Summary: Clearly it is impossible to present every idea that was discussed in what was ten hours of farm meetings with as many as one hundred different speakers in some form less than a book. It is, however, the intent of this report to summarize and synthesize the material discussed in all three meetings as best possible so that individual farmers, administrators, bulk buyers, and policy makers can begin to address the situation with some kind of unified perspective.

Each of these three meeting was different in its own way and each offered worthwhile information for anyone farming in the Willamette Valley, particularly grass seed producers. It is worth underlining, however, that while the current grass seed situation is acting as a catalyst, as Lisa Hanson said, to begin "the conversation," what needs to be addressed is really much larger than the grass seed crisis.

Above and beyond initiating large-acre field trials with organic grains and dry-land beans, opening and maintaining the discussion is arguably one of the most important things the Bean and Grain Project has accomplished in its two years of activity. Harry MacCormack, more than anyone else, has enabled and directed several wide-ranging and frank roundtable discussions with a good mix of farmers–grass seed producers, conventional farmers, small organic farmers, and homestead farmers, dating back to April of 2008. While the focus for the Bean and Grain Project has been growing organic grains and dry-land beans, the backdrop has always included assessing infrastructure deficiencies, addressing gaps in the local food system, promoting sustainable practices, prompting consumer and community participation, involving local bulk buyers, gathering knowledge of all kinds about Willamette Valley farming, and sharing the knowledge that is gathered.

This on-going discussion, roundtable talks between conventional and organic farmers, is in itself important from several perspectives—economic, environmental, and administrative–because it's all on the table now. With the rising cost of fuel, no-till farming has become more common. Organic does not seem as radical as it once did. Sustainability is valued, and the ODA and the USDA are also taking part in the discussion. And this can't be undervalued, because at bottom, as said before, this is a discussion about the long-term future of Willamette Valley agriculture, not any single industry simply pushing for more acreage.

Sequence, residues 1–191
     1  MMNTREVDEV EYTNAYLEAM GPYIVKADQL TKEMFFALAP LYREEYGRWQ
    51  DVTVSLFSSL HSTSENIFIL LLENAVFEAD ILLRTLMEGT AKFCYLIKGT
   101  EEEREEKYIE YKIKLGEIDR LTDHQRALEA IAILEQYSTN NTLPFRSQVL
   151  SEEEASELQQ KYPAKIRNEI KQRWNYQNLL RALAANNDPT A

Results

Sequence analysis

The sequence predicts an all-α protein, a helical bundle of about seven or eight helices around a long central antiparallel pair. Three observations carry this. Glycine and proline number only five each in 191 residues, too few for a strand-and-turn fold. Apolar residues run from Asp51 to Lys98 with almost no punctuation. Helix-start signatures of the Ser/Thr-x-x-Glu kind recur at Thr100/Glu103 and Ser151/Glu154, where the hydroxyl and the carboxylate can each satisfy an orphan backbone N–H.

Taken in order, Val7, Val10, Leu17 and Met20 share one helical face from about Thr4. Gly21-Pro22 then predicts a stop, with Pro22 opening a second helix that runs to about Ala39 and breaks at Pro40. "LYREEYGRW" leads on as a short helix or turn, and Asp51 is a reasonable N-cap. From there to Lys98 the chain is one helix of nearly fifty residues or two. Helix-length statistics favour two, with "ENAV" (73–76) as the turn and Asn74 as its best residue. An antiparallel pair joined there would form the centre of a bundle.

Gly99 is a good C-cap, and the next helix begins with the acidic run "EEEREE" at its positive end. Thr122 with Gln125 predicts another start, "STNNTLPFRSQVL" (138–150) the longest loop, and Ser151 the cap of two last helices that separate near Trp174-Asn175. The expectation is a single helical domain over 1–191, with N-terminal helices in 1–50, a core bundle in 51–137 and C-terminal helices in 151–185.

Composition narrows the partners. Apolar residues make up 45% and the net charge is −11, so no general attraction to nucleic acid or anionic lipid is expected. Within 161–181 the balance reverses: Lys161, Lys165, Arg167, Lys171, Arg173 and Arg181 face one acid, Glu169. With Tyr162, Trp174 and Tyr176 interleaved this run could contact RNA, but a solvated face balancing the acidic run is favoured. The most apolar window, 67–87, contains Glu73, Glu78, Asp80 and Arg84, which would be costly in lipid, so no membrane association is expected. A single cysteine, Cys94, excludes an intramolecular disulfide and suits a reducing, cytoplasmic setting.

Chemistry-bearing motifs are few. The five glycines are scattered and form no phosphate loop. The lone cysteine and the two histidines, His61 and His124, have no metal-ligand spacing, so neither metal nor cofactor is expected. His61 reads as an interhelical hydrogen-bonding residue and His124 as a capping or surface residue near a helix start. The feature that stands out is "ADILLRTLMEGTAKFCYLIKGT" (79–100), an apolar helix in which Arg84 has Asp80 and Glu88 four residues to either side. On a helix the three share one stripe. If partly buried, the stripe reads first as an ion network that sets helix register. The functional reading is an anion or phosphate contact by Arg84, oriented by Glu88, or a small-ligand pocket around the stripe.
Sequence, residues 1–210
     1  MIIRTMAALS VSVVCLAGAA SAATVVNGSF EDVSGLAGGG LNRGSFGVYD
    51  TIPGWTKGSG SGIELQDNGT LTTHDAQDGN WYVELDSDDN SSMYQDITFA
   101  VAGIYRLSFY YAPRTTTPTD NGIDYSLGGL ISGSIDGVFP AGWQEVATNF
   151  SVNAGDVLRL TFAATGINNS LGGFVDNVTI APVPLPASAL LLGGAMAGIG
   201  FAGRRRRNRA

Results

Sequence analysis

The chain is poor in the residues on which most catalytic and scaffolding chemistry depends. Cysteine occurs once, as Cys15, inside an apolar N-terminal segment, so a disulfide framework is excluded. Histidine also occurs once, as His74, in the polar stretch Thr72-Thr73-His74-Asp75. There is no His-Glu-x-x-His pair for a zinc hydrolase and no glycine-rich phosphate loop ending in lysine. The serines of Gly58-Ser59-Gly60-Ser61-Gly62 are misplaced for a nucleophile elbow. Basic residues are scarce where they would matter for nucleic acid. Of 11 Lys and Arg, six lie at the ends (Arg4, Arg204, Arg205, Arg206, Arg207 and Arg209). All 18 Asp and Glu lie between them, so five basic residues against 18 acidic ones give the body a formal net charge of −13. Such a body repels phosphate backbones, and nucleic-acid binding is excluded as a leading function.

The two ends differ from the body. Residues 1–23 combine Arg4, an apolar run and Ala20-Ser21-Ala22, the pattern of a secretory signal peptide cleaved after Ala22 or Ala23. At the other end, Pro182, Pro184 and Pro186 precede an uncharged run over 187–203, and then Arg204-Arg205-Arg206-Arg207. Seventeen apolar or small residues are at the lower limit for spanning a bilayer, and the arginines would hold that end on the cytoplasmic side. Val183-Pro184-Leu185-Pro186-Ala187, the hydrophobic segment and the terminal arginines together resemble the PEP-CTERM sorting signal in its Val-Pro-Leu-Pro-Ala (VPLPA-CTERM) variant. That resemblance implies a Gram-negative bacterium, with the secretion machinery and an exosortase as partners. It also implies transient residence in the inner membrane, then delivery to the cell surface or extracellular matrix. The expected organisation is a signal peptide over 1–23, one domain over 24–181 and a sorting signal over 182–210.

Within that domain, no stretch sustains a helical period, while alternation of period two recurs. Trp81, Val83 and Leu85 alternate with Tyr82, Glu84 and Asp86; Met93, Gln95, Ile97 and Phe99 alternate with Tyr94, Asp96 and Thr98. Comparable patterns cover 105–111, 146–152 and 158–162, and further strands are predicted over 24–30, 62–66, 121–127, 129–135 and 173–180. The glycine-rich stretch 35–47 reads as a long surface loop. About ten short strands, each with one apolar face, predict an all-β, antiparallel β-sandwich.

Discussion: The immediate concern is the grass seed industry. Some kind of temporary and/or long-term transition is screaming like an angry bill collector for attention. In the short-term, an estimated 100,000 acres of farmland will be opening to grass seed alternatives or left fallow. What those alternatives are and how to make the conversion in a timely fashion is foremost on the growers mind.

Between the three meetings, a long list of alternative crops either once grown here, still grown here, or that could potentially be grown here were discussed. (They are listed in the reports for each meeting.) In some cases, like the production of wheat, which, as reported in the November 13th editon of the Capital Press, is likely to be the grass seed producer's first choice as an alternative, critical pieces of infrastructure, particularly storage, are missing and must be addressed as soon as possible. In some cases, like the conversion to specialty crops, 3 to 5 years and capital are necessary. In some cases, particularly for a wide variety of oil seeds and edible seeds, viable seed processing infrastructure already exists; it is also suffering from the grass seed downturn and is currently looking for new applications. In some cases, we are talking about reverting back to an earlier Willamette Valley model, an increased number of local fruit and vegetable processing operations and tying those processors to local buyers. (There were innumerable canneries up and down the Willamette Valley at one time. More than fifteen in Salem alone. In fact, in the 1950s, the south valley was the largest canning area in the world! Surely there is potential for a significant increase in fruit and vegetables acreage if a few canneries are built.)